Ubuntu "Hardy Heron" (Shallow Thoughts)

Akkana's Musings on Open Source, Science, and Nature.

Mon, 07 Apr 2008

Ubuntu "Hardy Heron"

On a lunchtime bird walk on Monday I saw one blue heron and at least five green herons (very unusuual to see so many of those). Maybe that helped prepare me for installing the latest Ubuntu beta, "Hardy Heron", Monday afternoon.

I was trying the beta primarily in the hope that it would fix a serious video out regression that appeared in Gutsy (the current Ubuntu) in January. My beloved old Vaio SR17 laptop can't switch video signals on the fly like some laptops can; I've always needed to boot it with an external monitor or projector connected. But as long as it saw a monitor at boot time, it would remember that state through many suspend cycles, so I could come out of suspend, plug in to a projector and be ready to go. But beginning some time in late January, somehow Gutsy started doing something that turned off the video signal when suspending. To talk to a projector, I could reboot with the projector connected (I hate making an audience watch that! and besides, it takes away the magic). I also discovered that switching to one of the alternate consoles, then back (ctl-alt-F2 ctl-alt-F7) got a signal going out on the video port -- but I found out the hard way, in front of an audience, that it was only a 640x480 signal, not the 1024x768 signal I expected. Not pretty! I could either go back to Feisty ... or try upgrading to Hardy.

I've already written about the handy debootstrap lightweight install process I used. (I did try the official Hardy "alternate installer" disk first, but after finishing package installation it got into a spin lock trying to configure kernel modules, so I had to pull the plug and try another approach.)

This left me with a system that was very minimal indeed, so I spent the next few hours installing packages, starting with tcsh, vim (Ubuntu's minimal install has something called vim, but it's not actually vim so you tend to get lots of errors about parsing your .vimrc until you install the real vim), acpi and acpi-support (for suspending), and the window system: xorg and friends. To get xorg, I started with:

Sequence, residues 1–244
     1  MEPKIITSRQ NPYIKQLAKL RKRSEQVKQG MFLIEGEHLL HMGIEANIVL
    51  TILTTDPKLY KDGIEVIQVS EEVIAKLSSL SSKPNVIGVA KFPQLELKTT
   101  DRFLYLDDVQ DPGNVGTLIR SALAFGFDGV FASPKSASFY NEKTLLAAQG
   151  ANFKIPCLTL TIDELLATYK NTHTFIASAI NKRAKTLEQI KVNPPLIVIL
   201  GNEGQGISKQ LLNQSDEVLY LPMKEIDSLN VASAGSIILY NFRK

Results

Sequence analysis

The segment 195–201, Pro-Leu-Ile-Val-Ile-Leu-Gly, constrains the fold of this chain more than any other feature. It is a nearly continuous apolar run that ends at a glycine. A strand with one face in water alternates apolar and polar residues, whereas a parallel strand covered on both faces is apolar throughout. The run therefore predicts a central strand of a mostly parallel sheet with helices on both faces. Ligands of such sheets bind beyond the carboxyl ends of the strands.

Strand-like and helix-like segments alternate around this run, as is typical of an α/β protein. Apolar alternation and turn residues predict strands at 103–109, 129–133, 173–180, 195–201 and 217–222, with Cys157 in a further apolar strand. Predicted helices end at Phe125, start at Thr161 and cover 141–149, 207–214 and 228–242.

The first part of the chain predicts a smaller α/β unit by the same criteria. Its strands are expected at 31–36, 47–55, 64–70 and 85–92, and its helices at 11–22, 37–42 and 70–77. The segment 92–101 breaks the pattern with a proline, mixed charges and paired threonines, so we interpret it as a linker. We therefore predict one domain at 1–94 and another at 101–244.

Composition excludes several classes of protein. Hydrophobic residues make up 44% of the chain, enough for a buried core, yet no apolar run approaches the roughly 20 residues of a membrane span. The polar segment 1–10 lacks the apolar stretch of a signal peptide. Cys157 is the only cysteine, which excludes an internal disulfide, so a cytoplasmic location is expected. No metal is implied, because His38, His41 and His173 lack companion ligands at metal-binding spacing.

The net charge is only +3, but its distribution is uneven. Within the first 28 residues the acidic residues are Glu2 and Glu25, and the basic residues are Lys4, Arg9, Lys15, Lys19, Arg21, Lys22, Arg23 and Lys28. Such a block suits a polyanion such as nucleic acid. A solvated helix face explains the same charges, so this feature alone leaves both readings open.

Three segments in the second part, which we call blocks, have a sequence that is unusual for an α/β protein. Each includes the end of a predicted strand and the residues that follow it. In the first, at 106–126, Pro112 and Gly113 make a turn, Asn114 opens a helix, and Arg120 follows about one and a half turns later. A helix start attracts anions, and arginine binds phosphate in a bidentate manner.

apt-get install xserver-xorg-video-savage xbase-clients openbox xloadimage xterm

Then there was the usual exercise of aptitude search font and installing everything on that list that seemed relevant to European languages (I don't really need to scroll through dozens of Tamil, Thai, Devanagari and Bangla fonts every time I'm looking for a fancy cursive in GIMP).

But I hit a problem with that pretty early on: turns out most of the fonts I installed weren't actually showing up in xlsfonts, xfontsel, gtkfontsel, or, most important, the little xlib program I'm using for a talk I need to give in a couple weeks. I filed it as bug 212669, but kept working on it, and when a clever person on #ubuntu+1 ("redwhitewaldo") suggested I take a look at the x-ttcidfont-conf README, that gave me enough clue to get me the rest of the way. Turns out there's a Debian bug with the solution, and the workaround is easy until the Ubuntu folks pick up the update.

I hit a few other problems, like the PCMCIA/udev problem I've described elsewhere ... but mostly, my debootstrapped Hardy Heron is working quite well.

And in case you're wondering whether Hardy fixed the video signal problem, I'm happy to say it does. Video out is working just fine.

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[ 18:31 Apr 07, 2008    More linux/install | permalink to this entry ]